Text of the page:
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    • OneHalfMortgageFree
    • By OneHalfMortgageFree 20th Oct 19, 3:15 PM
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    OneHalfMortgageFree
    Taxation treatment for redundancy pay
    • #1
    • 20th Oct 19, 3:15 PM
    Taxation treatment for redundancy pay 20th Oct 19 at 3:15 PM
    I understand that up to 30k of redundancy pay is non taxable, but is it still regarded as income for tax purposes?

    For example, imagine one is made redundant in April and receives no wages but gets 30k redundancy. That whole amount should be tax free. But if that person then earns 95k in the rest of the tax year, is their total earnings for income tax purposes that year 125k (in which case they lose the personal allowance) or is the 30k redundancy treated as something other than income for tax purposes, in which case their taxable earnings are 95k?
Page 1
    • Pennywise
    • By Pennywise 20th Oct 19, 3:36 PM
    • 12,161 Posts
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    Pennywise
    • #2
    • 20th Oct 19, 3:36 PM
    • #2
    • 20th Oct 19, 3:36 PM
    No, the tax free element of the redundancy package doesn't have any impact at all - it's outside the tax return system, so in your example, your income liable to tax (before reliefs, exemptions etc) would be 95k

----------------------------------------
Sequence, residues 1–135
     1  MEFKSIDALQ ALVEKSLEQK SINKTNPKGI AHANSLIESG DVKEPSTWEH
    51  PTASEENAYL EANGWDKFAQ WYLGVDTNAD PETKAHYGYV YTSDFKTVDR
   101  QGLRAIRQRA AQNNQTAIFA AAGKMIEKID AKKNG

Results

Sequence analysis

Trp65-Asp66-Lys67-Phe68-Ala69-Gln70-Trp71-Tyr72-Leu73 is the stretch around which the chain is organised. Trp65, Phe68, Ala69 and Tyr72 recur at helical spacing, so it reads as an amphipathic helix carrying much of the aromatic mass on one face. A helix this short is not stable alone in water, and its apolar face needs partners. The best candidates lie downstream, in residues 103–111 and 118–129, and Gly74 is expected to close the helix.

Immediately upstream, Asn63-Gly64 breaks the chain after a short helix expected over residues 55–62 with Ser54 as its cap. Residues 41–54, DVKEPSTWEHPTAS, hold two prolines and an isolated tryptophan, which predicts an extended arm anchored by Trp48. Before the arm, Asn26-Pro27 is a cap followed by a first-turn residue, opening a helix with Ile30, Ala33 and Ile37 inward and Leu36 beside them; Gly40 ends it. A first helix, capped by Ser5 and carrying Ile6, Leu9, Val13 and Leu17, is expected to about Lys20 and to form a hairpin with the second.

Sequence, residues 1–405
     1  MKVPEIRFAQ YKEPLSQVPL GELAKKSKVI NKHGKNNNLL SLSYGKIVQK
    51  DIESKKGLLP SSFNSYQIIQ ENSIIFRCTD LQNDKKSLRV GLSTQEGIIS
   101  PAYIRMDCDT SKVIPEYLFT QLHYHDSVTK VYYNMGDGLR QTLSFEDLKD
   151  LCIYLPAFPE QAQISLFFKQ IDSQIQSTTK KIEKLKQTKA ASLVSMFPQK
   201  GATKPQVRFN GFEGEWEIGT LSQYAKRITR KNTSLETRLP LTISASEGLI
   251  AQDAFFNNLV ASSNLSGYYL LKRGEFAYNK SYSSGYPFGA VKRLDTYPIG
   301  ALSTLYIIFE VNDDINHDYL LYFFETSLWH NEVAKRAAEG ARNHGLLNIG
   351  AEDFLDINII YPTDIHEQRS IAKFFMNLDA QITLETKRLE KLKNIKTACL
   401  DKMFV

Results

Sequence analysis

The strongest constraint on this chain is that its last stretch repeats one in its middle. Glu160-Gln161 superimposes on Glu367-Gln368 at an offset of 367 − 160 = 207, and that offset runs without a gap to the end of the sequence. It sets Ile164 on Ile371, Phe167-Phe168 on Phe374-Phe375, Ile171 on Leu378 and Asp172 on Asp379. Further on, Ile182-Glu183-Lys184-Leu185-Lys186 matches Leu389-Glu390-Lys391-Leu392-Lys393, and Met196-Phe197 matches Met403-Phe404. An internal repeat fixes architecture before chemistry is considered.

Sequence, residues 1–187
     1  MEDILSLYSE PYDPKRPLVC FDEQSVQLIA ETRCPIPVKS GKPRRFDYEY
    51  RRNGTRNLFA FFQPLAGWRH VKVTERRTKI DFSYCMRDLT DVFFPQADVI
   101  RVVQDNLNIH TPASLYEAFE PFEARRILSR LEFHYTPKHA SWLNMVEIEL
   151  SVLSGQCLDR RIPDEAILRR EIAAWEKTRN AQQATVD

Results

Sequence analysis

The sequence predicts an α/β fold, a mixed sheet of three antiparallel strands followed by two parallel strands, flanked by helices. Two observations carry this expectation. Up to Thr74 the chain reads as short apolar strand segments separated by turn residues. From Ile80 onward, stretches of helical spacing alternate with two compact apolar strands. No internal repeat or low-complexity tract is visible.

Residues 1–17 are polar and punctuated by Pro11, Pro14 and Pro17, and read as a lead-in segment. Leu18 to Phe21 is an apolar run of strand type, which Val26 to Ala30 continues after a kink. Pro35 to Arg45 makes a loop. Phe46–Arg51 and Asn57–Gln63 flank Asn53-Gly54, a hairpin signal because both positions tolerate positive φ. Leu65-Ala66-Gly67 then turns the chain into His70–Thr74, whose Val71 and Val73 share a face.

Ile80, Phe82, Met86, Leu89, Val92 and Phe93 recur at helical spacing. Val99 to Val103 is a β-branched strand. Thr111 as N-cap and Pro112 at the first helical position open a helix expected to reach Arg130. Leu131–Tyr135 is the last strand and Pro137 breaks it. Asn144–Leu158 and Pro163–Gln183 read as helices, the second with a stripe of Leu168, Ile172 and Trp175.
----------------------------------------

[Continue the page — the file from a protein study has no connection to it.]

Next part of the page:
Just be careful if planning in that usually not all the "lump sum" is tax free. Elements such as accrued holiday pay, accrued bonus, payment in lieu of notice, etc., may all be taxable. It's only the genuinely "ex gratia" amounts that you aren't entitled to as part of your contract of employment that fall under the 30k exemption.
    • OneHalfMortgageFree
    • By OneHalfMortgageFree 20th Oct 19, 4:15 PM
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    OneHalfMortgageFree
    • #3
    • 20th Oct 19, 4:15 PM
    • #3
    • 20th Oct 19, 4:15 PM
    Thanks a lot - much appreciated
    • unholyangel
    • By unholyangel 21st Oct 19, 8:37 PM
    • 14,088 Posts
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    unholyangel
    • #4
    • 21st Oct 19, 8:37 PM
    • #4
    • 21st Oct 19, 8:37 PM
    Non-taxable means its not liable to tax - aka isn't factored in to tax calculations, its basically treated as if it didn't exist. So it doesn't form part of your adjusted net income, which is what tax is calculated on.

    It is paid tax free because it is not taxable. I mention this just in case someone else has received something tax free that is taxable income.
    Money doesn't solve poverty.....it creates it.
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